While most Americans are aware of the steps they should be taking to prepare for retirement, many are struggling to build adequate savings, and thus expect to rely heavily on Social Security after they stop working, a survey carried out by digital wealth manager Personal Capital has shown.
The survey of 2,008 U.S. adults aged 18 and older—including 1,630 pre-retirees—was conducted on March 1-7, 2018. When asked to identify their primary source of retirement income, 27% of the pre-retirees surveyed cited an employer-sponsored plan, but one-quarter cited Social Security, including 15% of millennial and 29% of Gen X respondents. The findings also indicated that 51% of all of the pre-retirees surveyed and 62% of the millennial respondents plan to retire at age 65 or younger, or at least a year shy of the age at which Americans born after 1943 are entitled to collect the full Social Security benefit.
Somewhat surprisingly, the survey results indicated that Gen Xers are almost as likely as Millennials to lack adequate savings, despite having less time to save before reaching retirement age. Even though more than half of respondents of both generations (56% and 57%, respectively) said they expect they will need to save more that $1 million for retirement, 34% of the Gen Xers and 39% of the millennials surveyed admitted they have no retirement savings. In addition, the Gen Xer respondents were less likely than the millennial respondents to report that they max out their employer-sponsored plan contributions (18% vs. 22%),
Moreover, the survey showed that younger workers are less likely than older workers to place importance on getting financial advice on retirement planning: just 24% of Gen Xer and millennial respondents said they believe that consulting a skilled financial advisor is crucial to achieving a comfortable retirement, compared to 30% of the baby boomers surveyed.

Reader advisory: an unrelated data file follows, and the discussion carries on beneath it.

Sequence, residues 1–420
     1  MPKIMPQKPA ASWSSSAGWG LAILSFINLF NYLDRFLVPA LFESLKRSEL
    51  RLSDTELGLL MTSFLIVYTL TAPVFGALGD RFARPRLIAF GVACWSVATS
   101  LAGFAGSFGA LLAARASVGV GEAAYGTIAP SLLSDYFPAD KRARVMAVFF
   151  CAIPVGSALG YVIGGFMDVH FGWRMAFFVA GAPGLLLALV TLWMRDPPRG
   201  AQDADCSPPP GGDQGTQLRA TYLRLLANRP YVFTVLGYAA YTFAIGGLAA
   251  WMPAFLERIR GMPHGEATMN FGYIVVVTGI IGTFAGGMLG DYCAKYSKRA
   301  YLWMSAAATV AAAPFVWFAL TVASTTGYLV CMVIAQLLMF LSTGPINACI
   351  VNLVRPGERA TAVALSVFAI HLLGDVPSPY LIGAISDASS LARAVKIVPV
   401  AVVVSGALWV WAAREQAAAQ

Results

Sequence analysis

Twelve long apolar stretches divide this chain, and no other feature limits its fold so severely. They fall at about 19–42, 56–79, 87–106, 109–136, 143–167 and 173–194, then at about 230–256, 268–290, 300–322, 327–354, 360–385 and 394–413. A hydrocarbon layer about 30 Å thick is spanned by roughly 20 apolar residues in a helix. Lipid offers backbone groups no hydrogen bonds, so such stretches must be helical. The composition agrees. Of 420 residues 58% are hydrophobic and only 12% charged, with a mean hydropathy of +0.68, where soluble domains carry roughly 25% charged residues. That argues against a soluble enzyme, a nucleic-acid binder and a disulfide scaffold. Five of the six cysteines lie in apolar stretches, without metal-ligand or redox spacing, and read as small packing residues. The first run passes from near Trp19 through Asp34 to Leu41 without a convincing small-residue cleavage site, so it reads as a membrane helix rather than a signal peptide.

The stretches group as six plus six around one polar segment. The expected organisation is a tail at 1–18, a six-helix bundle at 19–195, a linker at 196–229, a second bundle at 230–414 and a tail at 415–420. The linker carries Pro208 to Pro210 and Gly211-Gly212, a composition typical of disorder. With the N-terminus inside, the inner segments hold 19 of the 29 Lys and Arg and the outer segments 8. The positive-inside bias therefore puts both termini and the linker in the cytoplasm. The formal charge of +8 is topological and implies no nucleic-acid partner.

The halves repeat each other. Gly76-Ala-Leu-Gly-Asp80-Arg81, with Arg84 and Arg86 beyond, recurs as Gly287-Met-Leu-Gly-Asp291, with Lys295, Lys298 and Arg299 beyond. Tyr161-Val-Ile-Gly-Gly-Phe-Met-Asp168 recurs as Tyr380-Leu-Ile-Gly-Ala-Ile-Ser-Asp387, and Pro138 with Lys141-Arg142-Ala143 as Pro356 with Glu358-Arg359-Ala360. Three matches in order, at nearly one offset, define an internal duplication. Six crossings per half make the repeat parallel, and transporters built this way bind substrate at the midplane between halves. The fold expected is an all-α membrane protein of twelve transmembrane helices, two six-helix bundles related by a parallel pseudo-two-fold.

The survey also uncovered significant gender differences in retirement planning patterns. For example, more of the female than the male pre-retiree respondents indicated that they understand that sticking to a comprehensive financial plan (62% vs. 47%, respectively) and leveraging a skilled financial advisor (28% and 24%, respectively) are critical to securing a comfortable retirement. The results also showed, however, that 40% of the female respondents, compared to 33% of the male respondents, admitted that they have no retirement savings; and that 71% of female respondents, compared to 56% of male respondents, acknowledged that they do not know their net worth.
The findings suggested that the gender gap in retirement savings may be partially attributable to women being less likely than men to have access to a range of retirement savings options, as 27% of the employed women surveyed, compared to 19% of their male counterparts, reported that they are not offered an employer-sponsored retirement plan. But the survey results also showed that when women have access to these benefits, they often fail to take full advantage of them: the female respondents were found to be less likely than their male counterparts to contribute to a retirement plan offered by their employer (58% vs. 67%) or to max out contributions to their employer-sponsored retirement plan (16% vs. 26%).
From Benefit Trends Newsletter, Volume 61, Issue 8
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